Several KIs revealed that the SWC has knowledge only of INGOs that have been registered there. The latest list (Sept 2011) of registered INGOs available at the SWC website shows that of the 199 INGOs registered, 67 work in the field of health . There are organizations that work in the capacity of an INGO in health but are registered elsewhere and follow entirely different sets of rules, having no obligation of reporting their work to SWC. One such organization is registered as a company. The SWC does not have any power to direct these organizations to come through the proper channel. During the course of our study, we came across several INGOs that are currently working in Nepal for health and are not registered at the SWC. KIs from these organizations explained that although they may not work with SWC, they work with other government bodies and keep the government informed of their work.
Both government and INGO sources agreed that INGOs adhere to most rules set by the SWC such as the 80:20 money allocation rule, they all work with local NGOs and community level government bodies. However, dialogues with KIs working at rural government hospitals suggested that at the local level, INGO clinics duplicate work done by government facilities and are diverting skilled health workers from government jobs to better paying INGO jobs. Trainings paid for by donors and INGOs deprive government facilities of health workers for long periods of time. Although all sign the general agreement and prepare project agreements, they generally do not wait for SWC approval before starting projects, as stated by KIs from government as well as INGOs. INGO KIs explained that this was due to long delays in the process. These projects, thus, may not fall within government agenda. INGO KIs, however, explained that they do a full needs-assessment before designing any project to make sure it fits within government plans.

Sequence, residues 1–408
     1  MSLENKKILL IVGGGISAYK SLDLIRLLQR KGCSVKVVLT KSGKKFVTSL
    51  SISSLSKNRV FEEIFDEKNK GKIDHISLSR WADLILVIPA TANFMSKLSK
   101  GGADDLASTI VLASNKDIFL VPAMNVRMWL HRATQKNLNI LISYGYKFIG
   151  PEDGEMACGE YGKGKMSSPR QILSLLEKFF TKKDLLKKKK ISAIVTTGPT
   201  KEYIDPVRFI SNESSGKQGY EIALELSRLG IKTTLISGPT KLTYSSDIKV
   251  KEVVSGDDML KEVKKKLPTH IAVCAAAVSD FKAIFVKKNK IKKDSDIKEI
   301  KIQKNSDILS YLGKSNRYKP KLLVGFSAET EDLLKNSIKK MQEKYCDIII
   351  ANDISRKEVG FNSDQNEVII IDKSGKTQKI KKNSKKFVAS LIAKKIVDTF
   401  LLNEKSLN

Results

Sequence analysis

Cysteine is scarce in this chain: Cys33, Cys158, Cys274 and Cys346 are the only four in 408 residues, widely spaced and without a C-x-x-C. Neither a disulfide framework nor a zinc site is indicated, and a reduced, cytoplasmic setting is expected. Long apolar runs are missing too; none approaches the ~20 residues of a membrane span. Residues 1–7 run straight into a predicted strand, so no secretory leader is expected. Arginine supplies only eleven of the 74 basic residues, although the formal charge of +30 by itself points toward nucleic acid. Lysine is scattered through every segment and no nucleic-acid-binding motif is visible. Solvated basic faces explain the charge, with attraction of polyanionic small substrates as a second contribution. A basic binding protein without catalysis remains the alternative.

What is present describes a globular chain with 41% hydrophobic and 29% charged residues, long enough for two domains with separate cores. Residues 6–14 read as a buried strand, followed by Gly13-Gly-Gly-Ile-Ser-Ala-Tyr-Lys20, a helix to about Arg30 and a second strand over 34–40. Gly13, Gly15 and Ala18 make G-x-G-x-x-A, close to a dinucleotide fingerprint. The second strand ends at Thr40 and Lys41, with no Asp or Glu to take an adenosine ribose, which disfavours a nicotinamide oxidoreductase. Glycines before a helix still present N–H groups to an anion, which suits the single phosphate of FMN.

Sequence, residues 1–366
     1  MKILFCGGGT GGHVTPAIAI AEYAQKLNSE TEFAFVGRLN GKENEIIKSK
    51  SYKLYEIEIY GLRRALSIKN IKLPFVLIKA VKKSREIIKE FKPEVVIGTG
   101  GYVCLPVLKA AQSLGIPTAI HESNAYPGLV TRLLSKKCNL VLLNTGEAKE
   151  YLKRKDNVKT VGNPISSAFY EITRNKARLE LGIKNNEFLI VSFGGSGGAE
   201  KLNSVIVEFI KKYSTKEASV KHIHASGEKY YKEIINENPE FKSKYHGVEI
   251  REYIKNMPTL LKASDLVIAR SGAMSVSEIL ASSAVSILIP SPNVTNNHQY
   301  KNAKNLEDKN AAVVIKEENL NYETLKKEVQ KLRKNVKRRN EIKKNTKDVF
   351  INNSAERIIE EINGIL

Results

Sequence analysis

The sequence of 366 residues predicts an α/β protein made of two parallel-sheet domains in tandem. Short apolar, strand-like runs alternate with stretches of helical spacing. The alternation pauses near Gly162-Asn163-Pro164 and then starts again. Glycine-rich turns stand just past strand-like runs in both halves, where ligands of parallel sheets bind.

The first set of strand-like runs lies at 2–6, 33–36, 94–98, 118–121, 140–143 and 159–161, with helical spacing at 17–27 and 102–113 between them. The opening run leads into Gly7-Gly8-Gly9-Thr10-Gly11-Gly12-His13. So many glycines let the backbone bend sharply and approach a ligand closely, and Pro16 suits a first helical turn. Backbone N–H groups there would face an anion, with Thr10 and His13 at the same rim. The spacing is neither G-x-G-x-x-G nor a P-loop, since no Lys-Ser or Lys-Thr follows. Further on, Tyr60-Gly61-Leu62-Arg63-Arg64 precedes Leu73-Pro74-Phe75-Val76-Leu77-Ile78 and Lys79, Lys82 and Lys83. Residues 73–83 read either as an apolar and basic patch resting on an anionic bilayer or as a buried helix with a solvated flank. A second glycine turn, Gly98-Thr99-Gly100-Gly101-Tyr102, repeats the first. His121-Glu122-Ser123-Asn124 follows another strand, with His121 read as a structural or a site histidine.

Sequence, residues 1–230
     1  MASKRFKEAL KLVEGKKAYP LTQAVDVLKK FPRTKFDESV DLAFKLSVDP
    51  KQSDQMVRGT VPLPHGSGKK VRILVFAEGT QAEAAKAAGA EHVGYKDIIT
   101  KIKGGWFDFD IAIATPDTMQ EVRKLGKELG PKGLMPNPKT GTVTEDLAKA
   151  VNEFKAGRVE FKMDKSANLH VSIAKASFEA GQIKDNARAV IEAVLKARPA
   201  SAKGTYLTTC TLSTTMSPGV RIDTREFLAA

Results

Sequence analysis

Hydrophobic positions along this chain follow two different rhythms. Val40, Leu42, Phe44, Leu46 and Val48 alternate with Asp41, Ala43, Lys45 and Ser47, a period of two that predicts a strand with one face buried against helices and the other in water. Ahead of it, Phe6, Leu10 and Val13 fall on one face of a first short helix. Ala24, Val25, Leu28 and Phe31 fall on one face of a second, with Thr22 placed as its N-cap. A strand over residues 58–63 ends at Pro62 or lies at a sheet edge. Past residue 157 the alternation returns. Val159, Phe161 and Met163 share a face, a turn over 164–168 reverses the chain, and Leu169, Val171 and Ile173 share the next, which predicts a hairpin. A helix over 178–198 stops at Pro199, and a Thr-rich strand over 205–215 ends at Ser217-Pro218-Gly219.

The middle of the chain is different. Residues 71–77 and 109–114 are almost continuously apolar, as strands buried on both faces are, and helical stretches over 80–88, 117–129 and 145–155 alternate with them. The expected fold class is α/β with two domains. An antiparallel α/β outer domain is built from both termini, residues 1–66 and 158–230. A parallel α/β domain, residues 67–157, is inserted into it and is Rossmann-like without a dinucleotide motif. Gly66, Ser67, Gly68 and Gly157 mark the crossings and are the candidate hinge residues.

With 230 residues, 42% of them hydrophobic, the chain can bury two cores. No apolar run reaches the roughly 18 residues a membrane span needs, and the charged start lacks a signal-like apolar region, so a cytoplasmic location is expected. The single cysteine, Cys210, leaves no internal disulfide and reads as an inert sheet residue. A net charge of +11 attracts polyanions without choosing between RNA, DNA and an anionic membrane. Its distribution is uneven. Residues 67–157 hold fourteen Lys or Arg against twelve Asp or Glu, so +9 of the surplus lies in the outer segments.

When we categorically asked our KIs about any difficulties they faced in their work in the health sector, most government KIs said that everything was going according to plan. Most difficulties were faced by EDP and INGO KIs, as described in Table 3 and most dealt with shortcomings on the government’s side. This included issues of political instability, government instability, structure, capacity and alignment within government sectors, and competence of government employees. The government KIs who stated problems also stated those dealing with government short comings including political instability, lack of human resources in government, two secretaries in MoHP, lack of coordination between government bodies and difficulties working with local level government bodies.